Picking up the ball close to the right-hand corner of the penalty area, McGeady dropped his shoulder to create a pocket of space and whipped a superb ball across the face of the six-yard post. Wyke had eluded his marker, and was left with the relatively simple task of angling a first-time volley past Jones.

It was the Sunderland striker’s first goal in six matches – a mini-drought by his standards – and took his tally for the season to 28 in all competitions. Tellingly, the vast majority have been supplied by McGeady.

The Irishman curled a 25-yard free-kick onto the roof of the net as the Black Cats tried to build on their lead, but having been completely untroubled for the preceding 40 minutes, the visitors switched off in damaging fashion just before the break.

First, they allowed Lang to dribble his way into the area and fire in an angled low drive that Lee Burge tipped around the post. The following corner was played to the back post, and with Dion Sanderson finding himself blocked off, Dodoo was able to nod the ball back across the six-yard box. Keane held off his marker, and after swivelling goalwards, the former Manchester United trainee was able to hook home a first-time strike.

It was a really poor goal for Sunderland to concede, but having been punished once, the visitors had clearly not learned their lesson. Thirteen minutes after the break, and the Black Cats were conceding from another Wigan corner.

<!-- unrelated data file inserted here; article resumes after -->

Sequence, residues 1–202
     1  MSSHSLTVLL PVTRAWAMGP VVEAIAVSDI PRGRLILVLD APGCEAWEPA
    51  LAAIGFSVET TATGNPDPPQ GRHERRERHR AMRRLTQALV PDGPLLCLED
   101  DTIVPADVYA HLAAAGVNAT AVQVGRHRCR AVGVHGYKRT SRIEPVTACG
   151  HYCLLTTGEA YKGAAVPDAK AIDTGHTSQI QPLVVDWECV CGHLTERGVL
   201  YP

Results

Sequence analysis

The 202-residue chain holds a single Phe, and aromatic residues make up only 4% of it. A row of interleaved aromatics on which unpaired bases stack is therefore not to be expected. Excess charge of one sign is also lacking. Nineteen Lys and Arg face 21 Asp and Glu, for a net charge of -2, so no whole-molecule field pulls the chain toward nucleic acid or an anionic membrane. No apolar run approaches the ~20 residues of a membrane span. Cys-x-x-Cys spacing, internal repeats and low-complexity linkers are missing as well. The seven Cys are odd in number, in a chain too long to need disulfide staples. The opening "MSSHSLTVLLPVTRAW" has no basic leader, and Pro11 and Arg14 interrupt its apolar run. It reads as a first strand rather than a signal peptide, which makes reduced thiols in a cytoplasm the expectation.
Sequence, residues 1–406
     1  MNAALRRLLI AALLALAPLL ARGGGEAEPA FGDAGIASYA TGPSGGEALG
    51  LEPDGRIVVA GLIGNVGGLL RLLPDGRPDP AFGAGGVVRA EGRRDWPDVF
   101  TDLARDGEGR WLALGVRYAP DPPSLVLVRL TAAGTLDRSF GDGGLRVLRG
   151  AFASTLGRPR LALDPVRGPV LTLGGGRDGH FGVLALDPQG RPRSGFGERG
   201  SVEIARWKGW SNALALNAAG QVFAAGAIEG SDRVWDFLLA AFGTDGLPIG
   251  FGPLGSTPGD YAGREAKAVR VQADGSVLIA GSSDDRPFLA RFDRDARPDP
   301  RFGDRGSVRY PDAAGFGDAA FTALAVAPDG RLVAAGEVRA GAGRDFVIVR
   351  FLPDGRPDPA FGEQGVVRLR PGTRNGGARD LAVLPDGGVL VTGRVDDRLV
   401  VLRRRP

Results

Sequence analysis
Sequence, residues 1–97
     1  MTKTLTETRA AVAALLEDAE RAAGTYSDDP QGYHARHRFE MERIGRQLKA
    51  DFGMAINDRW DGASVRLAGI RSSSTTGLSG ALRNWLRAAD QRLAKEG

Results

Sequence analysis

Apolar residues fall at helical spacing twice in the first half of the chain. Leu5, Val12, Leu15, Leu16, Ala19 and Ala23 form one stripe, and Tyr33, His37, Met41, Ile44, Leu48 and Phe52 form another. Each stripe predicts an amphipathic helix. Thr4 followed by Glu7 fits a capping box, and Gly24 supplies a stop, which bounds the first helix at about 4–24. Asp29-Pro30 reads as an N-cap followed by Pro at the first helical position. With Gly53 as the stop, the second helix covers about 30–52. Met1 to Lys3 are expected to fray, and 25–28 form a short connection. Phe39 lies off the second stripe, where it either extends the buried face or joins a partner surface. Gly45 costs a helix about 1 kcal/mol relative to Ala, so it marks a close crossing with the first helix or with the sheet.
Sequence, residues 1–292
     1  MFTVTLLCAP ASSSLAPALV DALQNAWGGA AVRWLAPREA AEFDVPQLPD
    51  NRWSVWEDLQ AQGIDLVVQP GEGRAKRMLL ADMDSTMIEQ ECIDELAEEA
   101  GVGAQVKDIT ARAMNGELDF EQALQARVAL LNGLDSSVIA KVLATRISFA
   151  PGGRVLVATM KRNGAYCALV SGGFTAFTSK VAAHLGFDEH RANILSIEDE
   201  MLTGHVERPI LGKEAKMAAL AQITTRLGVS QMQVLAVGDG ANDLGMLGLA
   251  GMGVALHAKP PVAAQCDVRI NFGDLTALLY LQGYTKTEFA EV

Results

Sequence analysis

This time, Curtis Tilt met the initial delivery, and while the centre-half’s header spiralled up in the air, Sunderland’s defenders were unable to clear their 18-yard box. Dodoo reprised his role from the first goal as he hooked the ball across the face of goal from the back post, and with the visiting side’s players in a disorganised mess, Lang was able to bundle home from a couple of yards out.

In the space of just over a quarter-of-an-hour either side of half-time, the game had been turned completely on its head, and an understandably frustrated Lee Johnson did not waste any time in turning to his bench.

On came Callum McFadzean, Grant Leadbitter, Lynden Gooch and Stewart in a quadruple change, with Johnson changing shape and going to a back five with Gooch and McFadzean playing as wing-backs.

The aim was no doubt to get more balls into the box aimed at Wyke and Stewart, but while the latter headed over with his first touch of the ball as he rose to meet a corner, it took Sunderland’s players a while to adapt to their remodelled shape.

The game might well have been beyond them had Keane not drilled a 72nd-minute strike wide of the target after Lang released him into the right-hand side of the box, but while the game became increasingly end-to-end in the closing stages, Sunderland were unable to ask any serious questions of their opponents.

Luke O’Nien looped a tame header wide of the target from a corner, and Gooch failed to pick out a team-mate with a couple of whipped-in balls from the right.

Other than that, though, Sunderland created absolutely nothing as they slumped to their second defeat of the week. On the evidence of this performance, they are not one of the two best teams in the league.

Their challenge in their remaining seven matches is to do everything they can to disprove that. Even if they win seven out of seven, that might not be sufficient to keep them out of the play-offs, but if they are to end up in the end-of-season shootout, they need to be heading there with momentum. At the moment, that is simply not the case.